In a rousing speech, John McCain promised to fight for change at home and for a strong America abroad.
McCain spoke passionately of his love of country and vowed to end the partisan rancor in Washington by reaching across party lines to get things done. Read More
Angry community organizers defended their work, and that of former organizer Barack Obama, as they fought back Thursday against a series of insulting remarks by speakers at the Republican National Convention.
Organizers described themselves as the antidote to big-money lobbyists who wield so much influence. They talked about helping powerless people join forces to demand better schools and safer streets, often by working through churches. Read More
Sarah Palin’s speech Wednesday night was an opening salvo in what will be an autumn-long argument for a new brand of conservatism, consisting more of right-leaning instincts than an articulated political philosophy.
The conservatism of John McCain and Palin is an odd hybrid: part traditionalist and part anti-establishmentarian. Think of it as populism married to fiscal austerity. And it’s expressed with a reformist feistiness that is not ideological at all. Read More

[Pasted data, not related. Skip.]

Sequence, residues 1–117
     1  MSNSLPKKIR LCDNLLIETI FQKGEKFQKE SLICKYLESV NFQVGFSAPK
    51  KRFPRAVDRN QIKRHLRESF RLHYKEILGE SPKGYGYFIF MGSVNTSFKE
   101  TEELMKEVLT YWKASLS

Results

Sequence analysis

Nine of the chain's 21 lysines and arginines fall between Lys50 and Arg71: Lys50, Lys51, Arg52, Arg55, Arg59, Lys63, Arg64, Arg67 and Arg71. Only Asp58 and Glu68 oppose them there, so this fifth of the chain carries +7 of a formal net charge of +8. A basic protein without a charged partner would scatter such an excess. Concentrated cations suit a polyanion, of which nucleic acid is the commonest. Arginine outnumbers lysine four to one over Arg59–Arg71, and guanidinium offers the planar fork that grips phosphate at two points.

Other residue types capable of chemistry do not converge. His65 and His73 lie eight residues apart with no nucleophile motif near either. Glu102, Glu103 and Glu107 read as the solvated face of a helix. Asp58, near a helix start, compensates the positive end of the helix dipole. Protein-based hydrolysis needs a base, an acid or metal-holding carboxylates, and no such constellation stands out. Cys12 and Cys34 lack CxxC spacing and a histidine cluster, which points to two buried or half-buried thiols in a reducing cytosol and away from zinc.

One of the biggest differences between the Republican and Democratic conventions is how the two parties have dealt with the issue of federal judicial appointments.
Among prominent speakers at the Democratic convention, only Al Gore even mentioned judges, and only in passing. By contrast, several GOP speakers are expected to do so, and a number of high-profile forums during convention week are focusing on court battles. Read More
In the high-stakes political game John McCain is playing, the speech by his running mate Sarah Palin at the Republican National Convention Wednesday is the equivalent of going all in.
Palin, unknown to most Americans just a week ago, will take the stage tonight at the height of a media frenzy that has encompassed everything from her stance on federal earmarks to the Facebook page of the young man who impregnated her teenage daughter. Read More
Republicans had planned for President George Bush’s six-minute video address from the White House to their convention Tuesday to be over before television networks began airing the proceedings.
The plan backfired when NBC replayed the president’s speech at the opening of their coverage, but without the audio of cheering delegates in the hall that Bush and viewers who saw the speech live on cable had heard. Read More